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Association of comorbidity with healthcare utilization in people living With dementia, 2010–2019: a population-based cohort study

Zhang, Yingyang, Luo, Hao, Lum, Terry Y.S., Knapp, Martin ORCID: 0000-0003-1427-0215, Vetrano, Davide L., Chui, Celine C.S., Wang, Pengcheng and Wong, Gloria H.Y. (2023) Association of comorbidity with healthcare utilization in people living With dementia, 2010–2019: a population-based cohort study. Dementia. ISSN 1471-3012

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Identification Number: 10.1177/14713012231177593

Abstract

Evidence on the healthcare utilization associated with comorbidity in people with dementia is lacking in Chinese societies. This study aimed to quantify healthcare utilization associated with comorbidity that is common in people living with dementia. We conducted a cohort study using population-based data from Hong Kong public hospitals. Individuals aged 35+ with a dementia diagnosis between 2010 and 2019 were included. Among 88,151 participants, people with at least two comorbidities accounted for 81.2%. Estimates from negative binomial regressions showed that compared to those with one or no comorbid condition other than dementia, adjusted rate ratios of hospitalizations among individuals with six or seven and eight or more conditions were 1.97 [98.75% CI, 1.89–2.05] and 2.74 [2.63–2.86], respectively; adjusted rate ratios of Accident and Emergency department visits among individuals with six or seven and eight or more conditions were 1.53 [1.44–1.63] and 1.92 [1.80–2.05], respectively. Comorbid chronic kidney diseases were associated with the highest adjusted rate ratios of hospitalizations (1.81 [1.74–1.89]), whereas comorbid chronic ulcer of the skin was associated with the highest adjusted rate ratios of Accident and Emergency department visits (1.73 [1.61–1.85]). Healthcare utilization for individuals with dementia differed substantially by both the number of comorbid chronic conditions and the presence of some specific comorbid conditions. These findings further highlight the importance of taking account of multiple long-term conditions in tailoring the care approach and developing healthcare plans for people with dementia.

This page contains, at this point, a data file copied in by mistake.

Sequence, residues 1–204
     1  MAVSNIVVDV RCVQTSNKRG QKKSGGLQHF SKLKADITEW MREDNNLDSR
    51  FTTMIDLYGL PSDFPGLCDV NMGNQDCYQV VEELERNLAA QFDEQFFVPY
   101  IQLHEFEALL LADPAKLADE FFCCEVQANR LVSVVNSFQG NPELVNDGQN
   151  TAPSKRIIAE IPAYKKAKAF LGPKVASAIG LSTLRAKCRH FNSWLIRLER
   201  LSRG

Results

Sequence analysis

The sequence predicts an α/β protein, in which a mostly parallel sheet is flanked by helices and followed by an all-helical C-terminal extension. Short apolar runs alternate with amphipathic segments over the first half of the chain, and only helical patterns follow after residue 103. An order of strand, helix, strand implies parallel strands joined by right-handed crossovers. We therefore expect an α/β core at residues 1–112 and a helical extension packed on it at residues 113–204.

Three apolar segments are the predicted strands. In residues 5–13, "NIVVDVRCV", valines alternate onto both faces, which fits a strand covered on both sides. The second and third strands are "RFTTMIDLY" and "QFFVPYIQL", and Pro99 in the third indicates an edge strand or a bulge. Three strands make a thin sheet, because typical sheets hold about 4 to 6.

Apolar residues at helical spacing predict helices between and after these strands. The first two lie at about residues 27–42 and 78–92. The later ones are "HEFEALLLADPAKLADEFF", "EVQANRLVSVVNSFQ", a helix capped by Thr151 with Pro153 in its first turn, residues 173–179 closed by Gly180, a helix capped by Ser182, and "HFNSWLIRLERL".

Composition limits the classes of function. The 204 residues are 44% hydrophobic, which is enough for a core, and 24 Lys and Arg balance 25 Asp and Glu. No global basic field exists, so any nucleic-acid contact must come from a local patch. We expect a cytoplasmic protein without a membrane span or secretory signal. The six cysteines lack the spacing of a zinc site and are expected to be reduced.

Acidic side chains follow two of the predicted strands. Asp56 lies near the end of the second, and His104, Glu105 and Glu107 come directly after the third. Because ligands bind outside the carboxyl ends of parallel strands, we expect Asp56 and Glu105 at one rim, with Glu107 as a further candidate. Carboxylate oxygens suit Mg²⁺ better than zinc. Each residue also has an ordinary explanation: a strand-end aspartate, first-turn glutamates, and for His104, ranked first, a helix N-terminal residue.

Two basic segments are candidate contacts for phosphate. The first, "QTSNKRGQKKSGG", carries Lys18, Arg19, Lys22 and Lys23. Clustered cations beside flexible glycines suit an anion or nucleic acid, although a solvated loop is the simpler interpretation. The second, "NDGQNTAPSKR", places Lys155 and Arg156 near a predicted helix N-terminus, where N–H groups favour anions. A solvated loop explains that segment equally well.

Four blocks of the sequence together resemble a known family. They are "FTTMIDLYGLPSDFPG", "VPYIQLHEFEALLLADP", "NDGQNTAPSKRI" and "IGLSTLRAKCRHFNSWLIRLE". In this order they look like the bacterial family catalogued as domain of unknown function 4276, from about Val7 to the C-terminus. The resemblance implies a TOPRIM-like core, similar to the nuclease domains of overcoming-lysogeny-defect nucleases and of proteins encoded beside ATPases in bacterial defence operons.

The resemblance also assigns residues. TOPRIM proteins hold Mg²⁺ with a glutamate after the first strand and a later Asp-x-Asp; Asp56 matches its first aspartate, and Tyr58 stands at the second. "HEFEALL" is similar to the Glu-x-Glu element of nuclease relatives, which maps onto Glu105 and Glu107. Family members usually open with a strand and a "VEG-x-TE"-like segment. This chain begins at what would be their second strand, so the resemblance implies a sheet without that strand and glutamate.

Item Type: Article
Additional Information: © The Author(s) 2023.
Divisions: Health Policy
Subjects: R Medicine > RA Public aspects of medicine > RA0421 Public health. Hygiene. Preventive Medicine
R Medicine > RC Internal medicine > RC0321 Neuroscience. Biological psychiatry. Neuropsychiatry
H Social Sciences
Date Deposited: 25 Jul 2023 13:12
Last Modified: 23 Feb 2024 19:15
URI: http://eprints.lse.ac.uk/id/eprint/119829

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